Mechanical structures encounter vibration in response to environmental conditions and dynamic loads. In most circumstances, vibration contributes to mechanical fatigue which can eventually lead to catastrophic failure. Consequently, vibration control is a necessity for prolonging the operational life of structures. Piezoelectric and electromagnetic transducers have been used for control of vibration for many years. They normally sense mechanical vibration and generate an opposing vibration through another piezoelectric and electromagnetic transducer. This is usually referred to as active feedback vibration control. Another vibration control strategy senses and actuates simultaneously through an appropriately designed electrical impedance which is connected to the terminals of a single transducer. This technique requires no additional sensor, has improved robustness and stability, and a similar feedback structure compared to active feedback vibration control. The objective of this thesis is to develop new vibration control techniques by expanding on both the previously mentioned strategies. The first part of this thesis considers connecting an electrical impedance to a piezoelectric transducer to control vibration. This part reinforces that this vibration control strategy can be modelled as a variation of active feedback vibration control whereby the impedance parameterises the effective controller. A series of new vibration controllers are then presented. Applying the knowledge gained in the first part of this thesis, the second part considers replacing the piezoelectric transducer with an electromagnetic transducer. Although the underlying dynamics and physical properties of the transducers are different, the feedback structures are remarkably similar to that of active feedback vibration control. A number of new vibration control strategies are proposed for a variety of mechanical systems. Throughout the thesis, theoretical ideas and concepts are experimentally compared and validated on simple mechanical apparatuses to evaluate their vibration control performance.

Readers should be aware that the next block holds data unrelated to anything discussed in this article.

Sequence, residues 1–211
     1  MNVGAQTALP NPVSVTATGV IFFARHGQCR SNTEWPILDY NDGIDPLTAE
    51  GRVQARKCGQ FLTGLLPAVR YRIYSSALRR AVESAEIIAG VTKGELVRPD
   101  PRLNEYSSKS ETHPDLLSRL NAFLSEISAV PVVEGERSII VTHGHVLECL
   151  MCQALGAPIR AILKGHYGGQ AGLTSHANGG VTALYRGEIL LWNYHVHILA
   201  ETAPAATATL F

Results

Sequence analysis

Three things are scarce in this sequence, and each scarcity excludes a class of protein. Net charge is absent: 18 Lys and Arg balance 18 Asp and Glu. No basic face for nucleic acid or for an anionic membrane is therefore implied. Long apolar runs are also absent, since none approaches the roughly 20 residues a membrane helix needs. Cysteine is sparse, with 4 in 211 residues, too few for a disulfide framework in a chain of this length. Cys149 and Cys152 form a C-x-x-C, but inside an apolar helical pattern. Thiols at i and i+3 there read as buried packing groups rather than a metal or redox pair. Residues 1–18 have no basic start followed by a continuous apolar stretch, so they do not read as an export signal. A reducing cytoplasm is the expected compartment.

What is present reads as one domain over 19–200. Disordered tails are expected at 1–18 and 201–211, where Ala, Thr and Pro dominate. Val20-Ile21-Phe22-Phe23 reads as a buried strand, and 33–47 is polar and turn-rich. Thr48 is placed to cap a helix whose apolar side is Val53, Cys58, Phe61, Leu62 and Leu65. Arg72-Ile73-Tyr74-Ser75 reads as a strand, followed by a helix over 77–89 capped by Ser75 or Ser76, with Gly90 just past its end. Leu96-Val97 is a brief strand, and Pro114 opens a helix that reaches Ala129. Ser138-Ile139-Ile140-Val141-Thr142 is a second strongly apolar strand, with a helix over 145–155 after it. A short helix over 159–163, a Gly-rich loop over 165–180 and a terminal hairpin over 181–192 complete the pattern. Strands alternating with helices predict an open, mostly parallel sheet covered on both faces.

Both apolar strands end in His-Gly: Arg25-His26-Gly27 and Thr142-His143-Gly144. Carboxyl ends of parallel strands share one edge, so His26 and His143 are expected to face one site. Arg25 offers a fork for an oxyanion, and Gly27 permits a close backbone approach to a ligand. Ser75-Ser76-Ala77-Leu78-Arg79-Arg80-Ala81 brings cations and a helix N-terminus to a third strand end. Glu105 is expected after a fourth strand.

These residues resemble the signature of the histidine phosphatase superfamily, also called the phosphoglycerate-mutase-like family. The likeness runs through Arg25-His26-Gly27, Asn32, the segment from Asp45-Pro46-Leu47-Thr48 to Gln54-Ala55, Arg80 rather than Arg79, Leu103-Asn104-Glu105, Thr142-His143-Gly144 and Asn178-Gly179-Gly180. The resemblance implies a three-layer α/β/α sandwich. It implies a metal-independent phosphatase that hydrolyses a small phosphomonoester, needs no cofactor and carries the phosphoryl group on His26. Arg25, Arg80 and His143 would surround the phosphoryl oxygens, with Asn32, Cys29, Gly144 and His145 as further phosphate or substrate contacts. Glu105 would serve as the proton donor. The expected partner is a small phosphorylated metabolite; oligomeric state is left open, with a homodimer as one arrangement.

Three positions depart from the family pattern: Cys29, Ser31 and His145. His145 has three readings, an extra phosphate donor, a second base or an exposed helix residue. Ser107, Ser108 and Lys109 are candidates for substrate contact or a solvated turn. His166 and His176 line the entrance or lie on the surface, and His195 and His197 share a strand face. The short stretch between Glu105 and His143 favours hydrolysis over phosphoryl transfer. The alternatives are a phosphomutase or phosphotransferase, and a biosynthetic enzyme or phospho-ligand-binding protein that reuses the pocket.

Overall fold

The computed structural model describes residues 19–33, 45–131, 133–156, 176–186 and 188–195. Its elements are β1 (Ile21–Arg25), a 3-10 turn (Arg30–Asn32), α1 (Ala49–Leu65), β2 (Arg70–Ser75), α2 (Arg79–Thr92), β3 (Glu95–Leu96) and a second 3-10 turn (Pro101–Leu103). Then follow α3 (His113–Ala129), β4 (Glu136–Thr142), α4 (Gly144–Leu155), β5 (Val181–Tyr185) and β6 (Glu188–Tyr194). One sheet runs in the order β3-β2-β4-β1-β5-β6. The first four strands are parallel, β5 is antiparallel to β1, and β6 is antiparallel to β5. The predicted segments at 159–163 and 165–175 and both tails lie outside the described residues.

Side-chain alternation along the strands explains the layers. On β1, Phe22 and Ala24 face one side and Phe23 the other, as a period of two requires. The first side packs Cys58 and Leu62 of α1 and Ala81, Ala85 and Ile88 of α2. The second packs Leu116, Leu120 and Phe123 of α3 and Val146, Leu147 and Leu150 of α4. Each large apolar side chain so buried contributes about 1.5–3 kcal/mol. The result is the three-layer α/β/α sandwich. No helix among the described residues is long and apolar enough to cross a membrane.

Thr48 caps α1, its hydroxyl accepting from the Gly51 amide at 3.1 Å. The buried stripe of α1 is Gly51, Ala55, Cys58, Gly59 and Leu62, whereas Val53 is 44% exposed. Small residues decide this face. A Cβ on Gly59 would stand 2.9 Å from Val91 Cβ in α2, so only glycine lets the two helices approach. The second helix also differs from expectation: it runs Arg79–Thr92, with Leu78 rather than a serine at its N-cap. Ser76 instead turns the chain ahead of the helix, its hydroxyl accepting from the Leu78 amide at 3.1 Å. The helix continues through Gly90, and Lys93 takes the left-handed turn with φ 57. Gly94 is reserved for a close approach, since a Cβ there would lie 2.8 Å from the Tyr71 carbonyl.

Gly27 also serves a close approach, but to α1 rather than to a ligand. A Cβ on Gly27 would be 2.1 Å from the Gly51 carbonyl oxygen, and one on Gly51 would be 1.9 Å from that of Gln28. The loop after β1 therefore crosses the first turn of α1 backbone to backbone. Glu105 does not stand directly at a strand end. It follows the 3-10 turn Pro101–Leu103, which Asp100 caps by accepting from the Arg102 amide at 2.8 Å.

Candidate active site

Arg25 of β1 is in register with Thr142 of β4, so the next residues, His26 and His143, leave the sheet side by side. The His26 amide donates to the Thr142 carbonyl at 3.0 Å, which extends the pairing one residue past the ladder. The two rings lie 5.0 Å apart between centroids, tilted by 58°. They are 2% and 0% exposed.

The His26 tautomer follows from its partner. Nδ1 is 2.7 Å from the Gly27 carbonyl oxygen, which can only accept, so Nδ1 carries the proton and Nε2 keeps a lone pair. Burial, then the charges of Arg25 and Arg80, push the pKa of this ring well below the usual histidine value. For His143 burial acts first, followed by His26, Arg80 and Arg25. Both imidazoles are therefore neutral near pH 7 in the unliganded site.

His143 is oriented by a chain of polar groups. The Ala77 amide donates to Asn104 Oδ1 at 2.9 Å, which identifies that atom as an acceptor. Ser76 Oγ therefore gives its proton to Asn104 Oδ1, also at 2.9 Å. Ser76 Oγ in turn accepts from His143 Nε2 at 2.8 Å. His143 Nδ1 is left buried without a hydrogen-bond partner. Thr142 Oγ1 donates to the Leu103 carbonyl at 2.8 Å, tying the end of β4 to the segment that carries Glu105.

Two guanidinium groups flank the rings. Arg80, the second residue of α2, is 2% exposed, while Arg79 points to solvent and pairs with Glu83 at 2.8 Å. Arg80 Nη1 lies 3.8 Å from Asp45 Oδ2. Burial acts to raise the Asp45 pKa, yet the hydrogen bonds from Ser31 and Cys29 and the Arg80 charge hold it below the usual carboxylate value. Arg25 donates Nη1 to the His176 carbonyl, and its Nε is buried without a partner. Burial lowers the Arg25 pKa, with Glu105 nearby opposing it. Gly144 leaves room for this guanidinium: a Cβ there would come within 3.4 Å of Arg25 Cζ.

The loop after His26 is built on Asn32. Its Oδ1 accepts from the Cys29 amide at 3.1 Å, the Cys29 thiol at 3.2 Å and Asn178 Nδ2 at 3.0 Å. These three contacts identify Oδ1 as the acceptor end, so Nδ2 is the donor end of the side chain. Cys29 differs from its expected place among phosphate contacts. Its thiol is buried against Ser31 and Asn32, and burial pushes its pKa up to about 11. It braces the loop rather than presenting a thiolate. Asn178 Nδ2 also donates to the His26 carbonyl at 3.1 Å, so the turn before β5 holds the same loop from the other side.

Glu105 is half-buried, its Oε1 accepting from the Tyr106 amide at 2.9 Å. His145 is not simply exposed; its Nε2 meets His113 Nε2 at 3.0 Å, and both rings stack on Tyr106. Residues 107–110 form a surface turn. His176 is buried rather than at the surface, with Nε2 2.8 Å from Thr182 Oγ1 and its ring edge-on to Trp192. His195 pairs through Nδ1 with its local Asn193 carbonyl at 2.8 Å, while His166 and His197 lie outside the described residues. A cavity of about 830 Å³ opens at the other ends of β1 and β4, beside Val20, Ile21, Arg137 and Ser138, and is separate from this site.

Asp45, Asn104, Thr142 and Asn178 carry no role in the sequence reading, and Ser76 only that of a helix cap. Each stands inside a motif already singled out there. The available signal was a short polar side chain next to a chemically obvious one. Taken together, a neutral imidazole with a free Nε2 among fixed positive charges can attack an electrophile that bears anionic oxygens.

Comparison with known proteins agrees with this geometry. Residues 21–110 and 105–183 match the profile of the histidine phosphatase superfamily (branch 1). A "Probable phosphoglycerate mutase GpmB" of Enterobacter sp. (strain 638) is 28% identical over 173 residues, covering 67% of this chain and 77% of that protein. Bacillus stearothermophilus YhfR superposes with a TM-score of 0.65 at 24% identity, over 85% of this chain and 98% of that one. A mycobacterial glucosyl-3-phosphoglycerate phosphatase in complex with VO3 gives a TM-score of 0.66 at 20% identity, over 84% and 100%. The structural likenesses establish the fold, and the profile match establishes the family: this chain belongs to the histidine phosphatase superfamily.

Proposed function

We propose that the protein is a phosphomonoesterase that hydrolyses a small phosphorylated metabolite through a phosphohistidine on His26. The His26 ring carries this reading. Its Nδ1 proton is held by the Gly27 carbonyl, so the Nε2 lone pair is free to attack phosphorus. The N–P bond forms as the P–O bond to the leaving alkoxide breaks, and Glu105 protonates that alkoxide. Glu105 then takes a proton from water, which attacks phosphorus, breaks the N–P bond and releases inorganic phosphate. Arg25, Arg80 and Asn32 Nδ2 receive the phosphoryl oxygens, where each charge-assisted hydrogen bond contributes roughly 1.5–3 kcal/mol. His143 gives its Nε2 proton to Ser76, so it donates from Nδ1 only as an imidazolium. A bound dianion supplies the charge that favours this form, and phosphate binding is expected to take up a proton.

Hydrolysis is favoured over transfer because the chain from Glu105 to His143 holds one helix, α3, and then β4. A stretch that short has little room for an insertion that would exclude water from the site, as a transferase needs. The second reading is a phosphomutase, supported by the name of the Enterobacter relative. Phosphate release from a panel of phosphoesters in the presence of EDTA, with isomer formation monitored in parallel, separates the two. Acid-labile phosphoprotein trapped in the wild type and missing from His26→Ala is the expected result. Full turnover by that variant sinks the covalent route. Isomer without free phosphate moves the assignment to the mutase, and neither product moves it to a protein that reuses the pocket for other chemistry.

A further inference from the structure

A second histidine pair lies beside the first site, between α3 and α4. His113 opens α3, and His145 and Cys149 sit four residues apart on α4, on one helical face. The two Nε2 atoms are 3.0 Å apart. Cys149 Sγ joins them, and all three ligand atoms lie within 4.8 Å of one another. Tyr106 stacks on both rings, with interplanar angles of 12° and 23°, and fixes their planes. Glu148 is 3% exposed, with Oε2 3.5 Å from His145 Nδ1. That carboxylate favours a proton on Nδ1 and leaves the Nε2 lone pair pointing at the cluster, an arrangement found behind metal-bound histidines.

University of Newcastle Research Higher Degree Thesis